I'm building a Monte Carlo option pricing model in Python/SciPy. I want to test the results produced by the Python code by building the model independently in Excel and then comparing the results. Off course the values won't match exactly, but what is close enough?

My idea is to calculate the standard error and then calculate the range on a 95% confidence level where the true mean lies for both implementation. If these two ranges overlap then it is close enough.

I'll also do enough simulations so that the standard error is less than 2% of the estimated mean.

Alternatively I can generate the random numbers in Python and feed that into Excel for a type of quasi Monte Carlo. Or I might be able to to give it the same seed (but I'm not sure if this will work).

Is my approach described above sound or what other options are there?


I wouldn't repeat the same algorithm on Excel, because if you make a mistake in your Python code, it's likely that you'll also make the same mistake in your Excel code.

Quants usually test an implementation with an analytical formula (not always possible). You should start off with something easy by pricing an European option with your MC algorithm. You should compare your MC price with Black-Scholes. Note that you don't have to code the formula yourself, google "online black scholes calculator".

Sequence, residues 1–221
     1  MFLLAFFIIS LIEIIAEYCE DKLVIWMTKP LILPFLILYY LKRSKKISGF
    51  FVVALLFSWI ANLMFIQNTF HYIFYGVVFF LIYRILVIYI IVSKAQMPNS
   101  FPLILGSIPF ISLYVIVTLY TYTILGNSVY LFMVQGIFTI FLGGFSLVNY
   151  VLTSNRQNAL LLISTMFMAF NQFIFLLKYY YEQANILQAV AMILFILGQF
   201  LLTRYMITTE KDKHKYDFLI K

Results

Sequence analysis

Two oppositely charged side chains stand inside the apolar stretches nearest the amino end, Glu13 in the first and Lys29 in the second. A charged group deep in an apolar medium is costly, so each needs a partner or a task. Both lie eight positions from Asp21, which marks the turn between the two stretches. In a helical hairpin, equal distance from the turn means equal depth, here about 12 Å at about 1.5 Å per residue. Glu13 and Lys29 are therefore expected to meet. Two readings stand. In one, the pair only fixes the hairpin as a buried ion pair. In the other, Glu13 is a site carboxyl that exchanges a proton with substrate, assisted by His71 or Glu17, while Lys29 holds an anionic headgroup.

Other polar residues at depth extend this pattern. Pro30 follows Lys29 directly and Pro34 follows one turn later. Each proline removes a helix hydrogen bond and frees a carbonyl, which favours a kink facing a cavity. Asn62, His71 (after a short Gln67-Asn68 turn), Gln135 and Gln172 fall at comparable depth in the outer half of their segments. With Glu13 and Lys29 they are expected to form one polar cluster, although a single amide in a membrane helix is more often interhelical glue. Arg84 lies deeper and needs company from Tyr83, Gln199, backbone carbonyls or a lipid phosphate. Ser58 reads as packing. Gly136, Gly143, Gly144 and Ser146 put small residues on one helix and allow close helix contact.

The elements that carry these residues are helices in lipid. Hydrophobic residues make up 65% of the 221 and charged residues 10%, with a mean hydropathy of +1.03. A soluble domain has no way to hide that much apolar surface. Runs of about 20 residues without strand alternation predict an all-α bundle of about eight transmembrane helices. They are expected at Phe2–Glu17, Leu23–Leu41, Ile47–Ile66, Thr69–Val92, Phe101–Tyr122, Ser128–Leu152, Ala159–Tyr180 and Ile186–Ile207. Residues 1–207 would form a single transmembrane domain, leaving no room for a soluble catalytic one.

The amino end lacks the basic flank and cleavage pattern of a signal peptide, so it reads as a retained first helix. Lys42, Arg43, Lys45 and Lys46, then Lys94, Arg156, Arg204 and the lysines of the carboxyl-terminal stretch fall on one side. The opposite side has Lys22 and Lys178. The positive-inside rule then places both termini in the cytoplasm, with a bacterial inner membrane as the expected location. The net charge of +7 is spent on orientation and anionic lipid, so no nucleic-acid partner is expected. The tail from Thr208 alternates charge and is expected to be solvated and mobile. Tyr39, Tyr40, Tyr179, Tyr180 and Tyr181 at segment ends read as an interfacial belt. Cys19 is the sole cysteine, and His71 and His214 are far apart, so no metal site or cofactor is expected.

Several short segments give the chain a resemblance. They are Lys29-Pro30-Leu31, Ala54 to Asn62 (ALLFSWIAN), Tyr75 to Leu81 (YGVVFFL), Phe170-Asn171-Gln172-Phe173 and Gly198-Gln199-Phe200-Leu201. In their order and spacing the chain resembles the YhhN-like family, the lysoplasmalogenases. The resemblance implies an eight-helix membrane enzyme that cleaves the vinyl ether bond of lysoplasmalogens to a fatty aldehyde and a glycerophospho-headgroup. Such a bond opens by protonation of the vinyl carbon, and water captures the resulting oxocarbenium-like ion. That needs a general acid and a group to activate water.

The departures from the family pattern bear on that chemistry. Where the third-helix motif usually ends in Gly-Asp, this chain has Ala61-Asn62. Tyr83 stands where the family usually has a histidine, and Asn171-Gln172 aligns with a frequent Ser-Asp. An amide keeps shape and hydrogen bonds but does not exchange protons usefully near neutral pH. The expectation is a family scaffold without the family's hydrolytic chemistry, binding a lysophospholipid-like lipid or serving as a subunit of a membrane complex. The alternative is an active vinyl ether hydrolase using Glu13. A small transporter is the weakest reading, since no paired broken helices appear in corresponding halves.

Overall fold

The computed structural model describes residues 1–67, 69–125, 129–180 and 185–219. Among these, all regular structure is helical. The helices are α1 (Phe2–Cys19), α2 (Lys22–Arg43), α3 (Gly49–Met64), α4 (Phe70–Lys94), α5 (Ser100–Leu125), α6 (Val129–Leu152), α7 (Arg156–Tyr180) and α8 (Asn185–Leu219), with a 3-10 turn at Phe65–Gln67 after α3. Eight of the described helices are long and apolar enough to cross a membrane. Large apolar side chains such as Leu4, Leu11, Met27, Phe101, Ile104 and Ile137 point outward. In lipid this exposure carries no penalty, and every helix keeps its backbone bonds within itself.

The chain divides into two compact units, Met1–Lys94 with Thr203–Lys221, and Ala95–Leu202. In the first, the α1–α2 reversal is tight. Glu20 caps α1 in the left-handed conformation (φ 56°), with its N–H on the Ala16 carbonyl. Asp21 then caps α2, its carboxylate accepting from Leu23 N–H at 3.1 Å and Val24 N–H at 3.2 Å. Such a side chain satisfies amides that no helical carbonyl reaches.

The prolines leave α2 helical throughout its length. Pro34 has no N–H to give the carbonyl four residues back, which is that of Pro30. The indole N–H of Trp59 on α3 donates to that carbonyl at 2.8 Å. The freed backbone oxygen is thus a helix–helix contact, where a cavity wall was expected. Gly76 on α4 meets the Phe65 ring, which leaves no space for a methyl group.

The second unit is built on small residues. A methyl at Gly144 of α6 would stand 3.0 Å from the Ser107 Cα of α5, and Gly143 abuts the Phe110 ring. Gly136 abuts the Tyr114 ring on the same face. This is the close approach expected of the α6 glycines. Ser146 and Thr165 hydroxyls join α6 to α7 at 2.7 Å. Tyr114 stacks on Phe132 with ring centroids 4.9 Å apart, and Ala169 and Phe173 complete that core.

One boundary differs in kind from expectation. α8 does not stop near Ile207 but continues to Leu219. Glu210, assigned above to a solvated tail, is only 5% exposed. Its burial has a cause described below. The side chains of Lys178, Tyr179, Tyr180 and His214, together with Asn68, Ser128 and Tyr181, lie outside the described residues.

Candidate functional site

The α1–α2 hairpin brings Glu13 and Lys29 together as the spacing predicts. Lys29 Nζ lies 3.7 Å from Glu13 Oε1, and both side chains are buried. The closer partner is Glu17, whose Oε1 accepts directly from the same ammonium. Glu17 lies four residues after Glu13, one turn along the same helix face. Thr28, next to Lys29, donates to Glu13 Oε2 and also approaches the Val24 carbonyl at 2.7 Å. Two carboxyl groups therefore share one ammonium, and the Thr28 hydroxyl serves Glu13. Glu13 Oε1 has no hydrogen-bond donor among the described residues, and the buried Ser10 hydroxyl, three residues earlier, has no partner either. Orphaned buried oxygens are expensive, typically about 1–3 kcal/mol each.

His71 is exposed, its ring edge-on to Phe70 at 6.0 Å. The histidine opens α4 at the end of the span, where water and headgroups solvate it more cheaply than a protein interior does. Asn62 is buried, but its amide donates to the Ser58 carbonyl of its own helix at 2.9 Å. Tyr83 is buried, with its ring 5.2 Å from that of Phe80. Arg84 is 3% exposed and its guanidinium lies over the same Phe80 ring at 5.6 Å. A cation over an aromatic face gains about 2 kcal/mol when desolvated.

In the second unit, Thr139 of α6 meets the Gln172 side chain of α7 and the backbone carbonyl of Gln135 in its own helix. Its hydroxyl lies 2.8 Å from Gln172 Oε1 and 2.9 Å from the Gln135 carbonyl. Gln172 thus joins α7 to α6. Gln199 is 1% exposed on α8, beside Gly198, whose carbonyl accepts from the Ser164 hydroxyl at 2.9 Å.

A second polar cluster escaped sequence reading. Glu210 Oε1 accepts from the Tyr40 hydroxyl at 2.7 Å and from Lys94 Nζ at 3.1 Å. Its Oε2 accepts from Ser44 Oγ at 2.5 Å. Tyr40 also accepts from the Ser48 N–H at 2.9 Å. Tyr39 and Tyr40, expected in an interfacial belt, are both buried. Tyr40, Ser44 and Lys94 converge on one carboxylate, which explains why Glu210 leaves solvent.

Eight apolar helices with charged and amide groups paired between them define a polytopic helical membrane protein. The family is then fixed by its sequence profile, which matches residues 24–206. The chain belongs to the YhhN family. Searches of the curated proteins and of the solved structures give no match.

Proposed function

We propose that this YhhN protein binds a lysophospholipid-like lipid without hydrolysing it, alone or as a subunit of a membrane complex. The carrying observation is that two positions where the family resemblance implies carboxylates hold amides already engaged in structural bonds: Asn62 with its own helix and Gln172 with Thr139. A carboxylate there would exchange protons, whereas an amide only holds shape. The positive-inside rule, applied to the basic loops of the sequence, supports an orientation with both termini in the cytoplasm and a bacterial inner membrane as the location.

Do some runs, plot the standard errors against N where N is the number of iterations. Make sure the standard errors from your MC drop by an inverse square root of N (central limit theorem).

Data visualisation is your friend. Plot the distribution of the spot price against time. Do they have a trend? You should see a trend unless your drift is zero. Now, change the drift to zero, do you see a normal distribution? Does the plot look symmetric? The key to model validation is a deep understanding of the underlying distribution and what would it look like if you change the parameters.

You can also compare your MC with an MC implementation from somebody else. Generally, you should validate your results with an implementation that is done independently (i.e.: not you).

  • $\begingroup$ Thanks, that's excellent suggestions. I'll definitely do the data visualization and compare my results to Black Scholes for simple cases. Once I've done these checks and I have an independently built Excel model (by someone else) can I then follow my approach using the standard errors as described above? Or what would you suggest? $\endgroup$ – Kritz Nov 11 '15 at 7:36
  • $\begingroup$ @Johan Of course you can! $\endgroup$ – SmallChess Nov 11 '15 at 12:35

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